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Bentley to face Collier in unlawful termination trial

Alabama Gov. Robert Bentley addresses members of the 187 FW during a deployment ceremony at Dannelly Field Air National Guard Base, Ala., April 5, 2014. The ceremony honored those members being tasked for the upcoming deployment to Afghanistan. (U.S. Air Force photo/Tech. Sgt. Matthew Garrett)

A breaking news story published by APR on March 1, 2016, exposed Gov. Robert Bentley’s attempt to cover up the firing of Alabama Law Enforcement Agency Secretary Spencer Collier.  Nearly three years to the day after the Monday Massacre, Collier will have his day in court.

Monday Massacre at ALEA

Montgomery Circuit Judge Greg Griffin has set a March 4, 2019, trial date. Collier will face Bentley in his unlawful termination suit.

The Monday Massacre as it is known was part of Bentley’s scheme to accuse Collier of criminal wrongdoing as a pretense for his firing him a few weeks earlier.

Bentley and his alleged mistress, Rebekah Caldwell Mason, along with others in the administration sought to paint Collier as a crook; however, a Montgomery Grand Jury cleared Collier of all the allegations leveled by Bentley and his cohorts.

Collier’s case against the former governor revolves around a claim of unlawful termination. Collier was fired from his position at ALEA after he refused Bentley’s order to lie in an affidavit to the court in former House Speaker Mike Hubbard’s trial. After his firing, Bentley’s paramour, Mason, and Collier’s replacement, Stan Stabler, launched a smear campaign against him.

In a nearly six-hour deposition, Bentley admits to most of the allegations brought by Collier, except he blames Collier’s replacement, Stan Stabler, for the dirty deeds.

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Gov. Kay Ivey, rather than settle the lawsuit, has spent over $400,000 to defend the disgraced governor.

With a trial date looming, the Ivey administration faces humiliation for defending Bentley as a jury trial will make public sorted tales of romance, revenge and dirty dealings during Bentley’s tenure.

“We are ready to go the trial,” Collier’s attorney, Kenny Mendelsohn, told APR on Monday. “We have a few more depositions to take, but we feel good about presenting the case to a jury.”

Few court observers understand why Gov. Ivey’s administration would spend public resources and political capital to defend Bentley when the state’s General Liability Trust Fund would cover Collier’s claim.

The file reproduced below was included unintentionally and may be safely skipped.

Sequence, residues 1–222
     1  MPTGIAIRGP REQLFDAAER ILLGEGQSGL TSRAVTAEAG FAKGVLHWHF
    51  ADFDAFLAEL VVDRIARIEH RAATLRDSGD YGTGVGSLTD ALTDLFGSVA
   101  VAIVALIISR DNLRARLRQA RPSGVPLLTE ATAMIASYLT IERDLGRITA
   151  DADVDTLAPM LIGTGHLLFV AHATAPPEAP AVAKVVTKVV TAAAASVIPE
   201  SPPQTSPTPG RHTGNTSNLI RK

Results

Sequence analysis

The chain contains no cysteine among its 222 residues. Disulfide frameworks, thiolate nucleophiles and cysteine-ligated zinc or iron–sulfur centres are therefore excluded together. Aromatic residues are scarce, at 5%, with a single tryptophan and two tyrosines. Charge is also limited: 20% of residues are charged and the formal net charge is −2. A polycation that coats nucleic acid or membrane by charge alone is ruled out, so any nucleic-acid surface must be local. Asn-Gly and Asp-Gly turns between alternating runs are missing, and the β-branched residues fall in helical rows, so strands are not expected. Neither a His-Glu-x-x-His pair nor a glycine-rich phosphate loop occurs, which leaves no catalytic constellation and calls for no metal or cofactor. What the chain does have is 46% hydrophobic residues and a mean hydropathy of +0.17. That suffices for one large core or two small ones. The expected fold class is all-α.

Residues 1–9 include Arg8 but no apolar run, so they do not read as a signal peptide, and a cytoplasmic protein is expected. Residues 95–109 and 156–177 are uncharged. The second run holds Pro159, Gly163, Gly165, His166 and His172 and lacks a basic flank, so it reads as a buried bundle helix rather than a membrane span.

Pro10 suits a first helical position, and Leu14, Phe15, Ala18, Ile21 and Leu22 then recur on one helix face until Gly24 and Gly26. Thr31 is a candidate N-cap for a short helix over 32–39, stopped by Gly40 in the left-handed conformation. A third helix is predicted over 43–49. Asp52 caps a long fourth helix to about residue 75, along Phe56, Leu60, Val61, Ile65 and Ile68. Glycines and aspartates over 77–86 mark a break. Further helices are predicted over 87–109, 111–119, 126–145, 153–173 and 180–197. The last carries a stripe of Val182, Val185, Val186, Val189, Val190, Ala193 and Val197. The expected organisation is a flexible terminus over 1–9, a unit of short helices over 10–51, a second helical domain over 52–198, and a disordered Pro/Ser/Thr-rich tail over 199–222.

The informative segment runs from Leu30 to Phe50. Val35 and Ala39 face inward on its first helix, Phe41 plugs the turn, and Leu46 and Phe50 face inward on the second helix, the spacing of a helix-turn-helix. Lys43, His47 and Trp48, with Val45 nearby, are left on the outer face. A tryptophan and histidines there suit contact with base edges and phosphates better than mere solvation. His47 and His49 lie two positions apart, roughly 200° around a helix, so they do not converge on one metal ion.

“This is not about the state defending itself,” said an Ivey insider. “This is about a vengeful governor [Bentley] and his girlfriend working to ruin a man’s life for doing his job.”

Not only did Bentley and Mason try to discredit Collier, they worked to ruin him, as noted in court findings. Additionally, the prolonged legal battle financed by the state has placed an extraordinary strain on Collier and his family.

Collier suffered a debilitating back injury during his state service which resulted in several back surgeries. Bentley’s lawyers have tried to use Collier’s back injury as a way to paint him as a drug addict, but court records show that instead of increasing pain medications, as with an abuser, Collier under doctor supervision has lowered his intake and dosage on pain medication.

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Despite the evidence, lawyers paid by the Ivey administration have worked to smear Collier at every turn says a former administration official who has encouraged settlement.

The administration fought to protect Bentley, arguing executive immunity, but the court found that the immunity clause didn’t apply because Bentley’s retaliation against Collier fell outside of his official duties.

As APR‘s Josh Moon wrote in September, “Griffin’s decision to allow the case to move forward, and specifically rejecting the defense’s motion to dismiss on the grounds that Bentley was immune from prosecution.” As Moon observed, Griffin’s ruling recast Bentley’s position which means the state has no responsibility to cover Bentley’s legal fees.

Opinion | Maddox is right: The state shouldn’t pay for Bentley’s attorneys

Collier’s case will now test the limits of future governors’ immunity standing.

Judge Griffin also encouraged the parties to notify him if a settlement was reached before the trial date.

Indications within the Ivey administration are that reaching an agreement with Collier might be desirable but uncertain.

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According to Collier’s attorney, he looks forward to facing his former boss before a jury of their peers.

APR reached out to Gov. Kay Ivey’s office and received no comment on the trial.


Written By

Bill Britt is editor-in-chief at the Alabama Political Reporter and host of The Voice of Alabama Politics. You can email him at [email protected] or follow him on Twitter.


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